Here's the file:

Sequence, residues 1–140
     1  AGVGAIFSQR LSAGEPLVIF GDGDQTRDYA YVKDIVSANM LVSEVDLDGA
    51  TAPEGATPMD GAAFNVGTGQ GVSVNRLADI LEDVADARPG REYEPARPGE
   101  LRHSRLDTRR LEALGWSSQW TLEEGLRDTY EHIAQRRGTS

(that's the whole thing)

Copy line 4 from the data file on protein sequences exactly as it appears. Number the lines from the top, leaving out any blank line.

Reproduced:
   101  LRHSRLDTRR LEALGWSSQW TLEEGLRDTY EHIAQRRGTS